As I gather up my kayak and paddling gear and head to my small pond, I start thinking about the first time I made this short trip five years ago. I had to practice rolling in order to kayak the Colorado River through the Grand Canyon for the first time. I was nervous as I thought, “could I do it as a blind man?” What a leap of faith! I pulled my kayak behind me as I stepped off the porch, crossed the yard to a little mowed path that goes across the field from my little barn to the pond. Tapping my cane to find the way, that short walk seemed to last forever. I practiced that day until I reached 100 rolls.
Today as I walk this path, it’s a reminder… a reminder of how far I’ve come since the accident that took my eyesight and how much my life has changed. A few months after I was shot, I could barely imagine myself going anywhere beyond my house. It’s amazing how a few little seemingly small events can completely change the course of your life. I think about how unsure I felt that first time I walked this path compared to how I feel now – full of gratefulness, confidence, and a sense of normalcy with the idea of blind kayaking. I especially feel this when I get the honor of helping other people as they learn how to kayak – blind or sighted.
Every time I tap that barn as I navigate with my cane, I think of my wonderful daughters. Not much changed in their minds or hearts when I lost my eyesight – to them I was still “Daddy.” I could do anything! Kayaking has in some ways had the same effect, making me feel no different than I once was. If you didn’t know me, at first glance of me sitting in a kayak with my sunglasses on, you can’t tell I’m blind. It’s such a powerful adaptive sport. When my buddy Aaron sits in his kayak, you can’t tell he lost his legs in combat. Kayaks and rivers are great equalizers in this way. When we put on our gear, grab our paddles, and sit in our boats, we look like any other kayaker. We have similar dreams and goals and a connection with the river. You can imagine how that makes us feel… not as adaptive or disabled kayakers, just simply kayakers.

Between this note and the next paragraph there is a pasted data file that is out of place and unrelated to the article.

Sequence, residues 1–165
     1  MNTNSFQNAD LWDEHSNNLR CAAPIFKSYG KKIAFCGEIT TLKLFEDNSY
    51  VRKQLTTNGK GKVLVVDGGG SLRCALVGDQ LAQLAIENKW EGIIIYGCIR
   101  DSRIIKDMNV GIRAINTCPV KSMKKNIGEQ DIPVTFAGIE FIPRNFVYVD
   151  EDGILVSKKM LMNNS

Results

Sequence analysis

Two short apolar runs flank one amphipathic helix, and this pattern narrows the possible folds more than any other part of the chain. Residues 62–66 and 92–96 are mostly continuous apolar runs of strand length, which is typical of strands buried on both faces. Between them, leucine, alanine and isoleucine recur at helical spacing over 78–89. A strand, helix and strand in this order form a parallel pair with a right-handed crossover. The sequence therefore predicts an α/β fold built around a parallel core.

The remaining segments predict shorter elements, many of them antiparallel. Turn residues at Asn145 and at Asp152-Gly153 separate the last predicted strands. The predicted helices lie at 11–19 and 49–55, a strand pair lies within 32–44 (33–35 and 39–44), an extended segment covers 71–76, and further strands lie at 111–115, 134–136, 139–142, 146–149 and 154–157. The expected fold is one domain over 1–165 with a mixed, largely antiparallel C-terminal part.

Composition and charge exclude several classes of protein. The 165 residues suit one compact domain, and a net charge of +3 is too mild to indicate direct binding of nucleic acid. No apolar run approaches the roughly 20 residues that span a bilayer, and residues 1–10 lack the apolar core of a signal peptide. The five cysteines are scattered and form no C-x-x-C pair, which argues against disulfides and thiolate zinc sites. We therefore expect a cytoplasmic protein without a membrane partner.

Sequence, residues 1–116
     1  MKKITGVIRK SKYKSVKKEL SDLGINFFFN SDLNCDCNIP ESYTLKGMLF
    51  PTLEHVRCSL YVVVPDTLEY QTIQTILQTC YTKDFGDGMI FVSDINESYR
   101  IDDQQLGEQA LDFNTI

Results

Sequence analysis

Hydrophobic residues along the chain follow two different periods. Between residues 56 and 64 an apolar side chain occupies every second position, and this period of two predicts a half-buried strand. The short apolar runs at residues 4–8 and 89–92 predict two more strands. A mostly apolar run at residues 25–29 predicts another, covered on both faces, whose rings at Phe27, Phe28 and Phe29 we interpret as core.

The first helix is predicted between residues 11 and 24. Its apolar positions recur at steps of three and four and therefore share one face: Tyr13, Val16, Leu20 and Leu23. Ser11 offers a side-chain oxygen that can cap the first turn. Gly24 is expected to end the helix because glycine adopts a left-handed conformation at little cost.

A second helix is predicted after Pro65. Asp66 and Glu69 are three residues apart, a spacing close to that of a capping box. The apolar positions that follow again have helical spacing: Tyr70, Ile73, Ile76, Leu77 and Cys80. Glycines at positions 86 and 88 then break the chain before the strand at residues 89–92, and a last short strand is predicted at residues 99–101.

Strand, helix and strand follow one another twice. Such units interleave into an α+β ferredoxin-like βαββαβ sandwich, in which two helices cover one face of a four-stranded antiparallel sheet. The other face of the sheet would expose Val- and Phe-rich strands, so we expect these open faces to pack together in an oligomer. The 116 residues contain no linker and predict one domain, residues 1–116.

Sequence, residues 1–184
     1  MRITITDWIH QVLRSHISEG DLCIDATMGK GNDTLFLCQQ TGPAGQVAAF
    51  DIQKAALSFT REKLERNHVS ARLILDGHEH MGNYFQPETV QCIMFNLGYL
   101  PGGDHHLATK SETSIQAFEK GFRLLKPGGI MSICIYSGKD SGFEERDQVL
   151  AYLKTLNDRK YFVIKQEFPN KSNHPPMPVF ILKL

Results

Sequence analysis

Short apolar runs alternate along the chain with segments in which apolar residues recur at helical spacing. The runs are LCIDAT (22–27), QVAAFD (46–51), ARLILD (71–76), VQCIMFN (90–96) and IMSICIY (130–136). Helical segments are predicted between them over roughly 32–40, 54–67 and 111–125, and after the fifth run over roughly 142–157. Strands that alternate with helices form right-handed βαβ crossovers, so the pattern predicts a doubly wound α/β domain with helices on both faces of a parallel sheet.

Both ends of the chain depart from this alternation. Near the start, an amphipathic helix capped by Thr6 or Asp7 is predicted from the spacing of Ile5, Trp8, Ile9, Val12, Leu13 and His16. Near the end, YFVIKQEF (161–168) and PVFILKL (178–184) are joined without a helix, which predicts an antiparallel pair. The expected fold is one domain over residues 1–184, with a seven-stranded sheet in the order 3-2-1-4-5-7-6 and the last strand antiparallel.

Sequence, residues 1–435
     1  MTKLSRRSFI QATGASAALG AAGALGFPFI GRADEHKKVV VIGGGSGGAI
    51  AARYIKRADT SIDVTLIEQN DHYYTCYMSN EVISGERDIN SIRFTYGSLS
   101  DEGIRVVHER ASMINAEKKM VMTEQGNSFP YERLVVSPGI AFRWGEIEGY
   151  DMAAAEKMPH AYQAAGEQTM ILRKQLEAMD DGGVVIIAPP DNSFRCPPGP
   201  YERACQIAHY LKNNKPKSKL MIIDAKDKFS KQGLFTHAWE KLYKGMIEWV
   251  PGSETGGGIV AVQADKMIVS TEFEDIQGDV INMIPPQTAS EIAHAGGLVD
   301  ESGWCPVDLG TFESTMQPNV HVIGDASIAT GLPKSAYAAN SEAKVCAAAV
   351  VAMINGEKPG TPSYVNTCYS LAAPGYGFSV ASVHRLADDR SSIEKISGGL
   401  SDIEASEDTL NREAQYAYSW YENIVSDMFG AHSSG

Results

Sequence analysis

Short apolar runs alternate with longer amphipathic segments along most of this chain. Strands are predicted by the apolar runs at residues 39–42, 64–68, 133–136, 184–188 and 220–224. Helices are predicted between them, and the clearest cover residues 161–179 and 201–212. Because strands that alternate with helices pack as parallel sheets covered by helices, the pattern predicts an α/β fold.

Sitting in my kayak on my pond, I reflect on the journey the sport has taken me… the Grand Canyon, the Gauley, the Zambezi and so many more. I dream about where and with who my Zen and I can go next! I’ll be heading out on my third kayak trip of the Colorado River through the Grand Canyon this week with two wounded veterans, Aaron Howell and Russell Davies, who will be my guides. This trip will be Aaron and Russell’s first run down the Grand Canyon, so on top of navigating it for themselves, they have to guide me! What lucky guys – LOL! My good buddy Timmy O’Neill (who help guide me down the Zambezi) organized this trip with filmmakers Seth Dahl and Will Stauffer-Norris who will be making a film about our journey. Another buddy, Brandon Hudson, who is constantly helping me back home will also be joining us as a safety boater and swamper. What a crew!
Aaron is an awesome boater and one chill dude. He lost both legs above the knees and several fingers from an IED blast in Afghanistan. This never gets in his way of kayaking – he simply puts on his half leg “stubby” prostheses, throws his boat on his shoulder, and heads to the river. As for Russell, who was also hit by an IED and suffered a traumatic brain injury, is also a chill dude and a total badass kayaker – he paddles just about anything, including major waterfalls. His biggest to this point was 101 feet. Wow!!!
We’ve all come a long way thanks to the sport of kayaking and the amazing community that surrounds it. When I put my butt in my Jackson Zen boat and grab my paddle, I feel free. These rivers have a way of allowing you to just let things go. I’ve had the honor and privilege to paddle with both of these guys throughout the summer and we’ve got our communication dialed. There is no doubt I’m going to be in good hands on the Grand. I can’t wait till we’re on the river together… Paddle on!